What a week! Charly was still feeling sick and teething, so we are still running on sleep fumes. She has seemed much happier yesterday and today, though the evil tooth 6 has still not fully cut!
I’ve gotten ahead of my client writing and I’m feeling confident that by the first week in December, all the writing will be done. I’m making progress on the book editing front too, but am looking forward to having more time to focus on it in the upcoming week. But none of that is what I want to talk about today.
On Saturday I had an utterly surreal morning. It was my 15 year high school reunion at Wynberg Girls High School. I don’t often feel “old”, but saying that out loud, “15 years”, certainly does the trick. It wasn’t a huge event, there were probably about 15 of us, one gorgeous 3 and a half month old baby boy, our principal and the school’s business manager – has that always been a thing??
We did the usual “what are you doing now”, “where do you live”, “do you remember when” conversations sitting in the cafeteria (a new addition since our graduation) and eating delicious foods (thanks Tamara!)
Mrs Harding, who became principal in our Matric year, then caught us up on the (huge) changes in the school system since we left – divisions of students into houses of multiple grades as opposed to home rooms; student councils made up of students who have been through the job application process, submitting CVs, giving motivational speeches and being interviewed for the positions; extensions of Colours into Service and Culture, alongside the standard Academics and Sport; most classes have SMARTboards; and they have a BYOD (bring your own device) policy, meaning students have free wifi and are allowed and encouraged to bring and use their own smart devices, including phones and tablets, during the course of their day for access to information. I was momentarily jealous of the amazing opportunities these kids have; while the old school nerd part of me pictured endless Whatsapping and Facebooking when they were meant to be learning. If you consider it though, these kids are going to have to learn to integrate smart technology into their lives in a responsible way at some point, so what better place to learn that than at school?
And then we went on a tour of the school… While there have certainly been some impressive upgrades and additions, the bones of this beautiful school have remained very much the same.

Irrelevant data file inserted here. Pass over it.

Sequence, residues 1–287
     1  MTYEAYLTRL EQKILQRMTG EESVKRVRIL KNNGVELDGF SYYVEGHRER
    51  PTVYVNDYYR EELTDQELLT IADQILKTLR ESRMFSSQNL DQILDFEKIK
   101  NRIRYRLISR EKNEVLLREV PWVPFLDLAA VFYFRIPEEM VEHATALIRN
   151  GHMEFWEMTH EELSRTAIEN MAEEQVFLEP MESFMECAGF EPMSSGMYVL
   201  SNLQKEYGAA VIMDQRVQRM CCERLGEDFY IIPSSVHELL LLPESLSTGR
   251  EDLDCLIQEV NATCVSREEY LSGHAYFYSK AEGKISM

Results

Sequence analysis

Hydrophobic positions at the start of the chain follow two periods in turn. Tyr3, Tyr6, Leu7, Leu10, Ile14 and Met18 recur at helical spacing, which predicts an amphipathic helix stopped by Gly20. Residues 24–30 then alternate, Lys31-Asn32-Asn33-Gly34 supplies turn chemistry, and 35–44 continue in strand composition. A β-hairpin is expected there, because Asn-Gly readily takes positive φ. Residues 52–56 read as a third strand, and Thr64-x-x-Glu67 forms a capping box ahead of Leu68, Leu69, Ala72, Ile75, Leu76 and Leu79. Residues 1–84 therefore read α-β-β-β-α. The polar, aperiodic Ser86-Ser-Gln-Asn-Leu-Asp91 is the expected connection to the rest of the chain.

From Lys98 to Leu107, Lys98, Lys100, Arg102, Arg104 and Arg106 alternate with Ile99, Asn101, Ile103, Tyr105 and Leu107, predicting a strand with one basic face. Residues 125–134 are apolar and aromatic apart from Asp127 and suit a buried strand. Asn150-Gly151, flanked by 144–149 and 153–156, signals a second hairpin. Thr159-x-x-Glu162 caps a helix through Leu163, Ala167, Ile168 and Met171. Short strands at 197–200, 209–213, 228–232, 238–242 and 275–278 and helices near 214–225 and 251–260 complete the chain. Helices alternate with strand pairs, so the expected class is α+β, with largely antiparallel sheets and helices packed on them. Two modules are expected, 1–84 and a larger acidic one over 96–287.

Walking into the library, where I spent almost every break time, and being hit by the same smells and waves of nostalgia and unexpected longing for the past. When we walked into the school hall foyer, I was hit by the most surreal realisation that I had had hundreds of dreams over the years set in that very spot without connecting where it was. Walking the corridors, I could hear the echoes of our childhood footsteps and hear our voices having conversations in the past. I could see the awkward, self-conscious teenage me, sitting outside the library door on the returns box (the one thing that is still exactly the same, broken as it was the last day we were there), filled with self doubt and fear and flooded with the desire to be different and more. Waves of the triumphs and heartaches and wins and losses crashed over me intensely, as only an angst-filled teenage girl can experience them, as the “sameness” of everything settled around me. I wished I was alone, and that I could wander around those corridors for hours, chasing shadows and eavesdropping on what once was.
As most of you who have read my earlier posts know, school was a difficult place for me. I was bullied and my self esteem took knocks I still haven’t recovered from. But I loved school; I loved the buildings and the learning and the teachers and even the exams. The organisation and structure fed the control freak in me; I was good at being a student. I think I realised yesterday, that until I started writing for a living, I had been searching my whole life for something I could do as well as I did school. And that my need for validation and feedback and routine was born in the walls of my schooling.
I never thought I’d say this, but I’m glad I left Charly with Brett and my mom. For 2 and a half hours I stepped back into my past, I got to dwell a little and feel some things and deal with some things that I likely wouldn’t have if she had been with me.
I left high school a little bit battered by bullies, a little unsure of who I was and I returned yesterday as, what I consider, a success. There is a sense of pride in returning happily married, a very proud mommy, having my own home, having had a successful career in one line of work and then having moved sideways into my own successful business, and having this blog and all of you. I left feeling “less than” and returned more than I could ever have dreamed.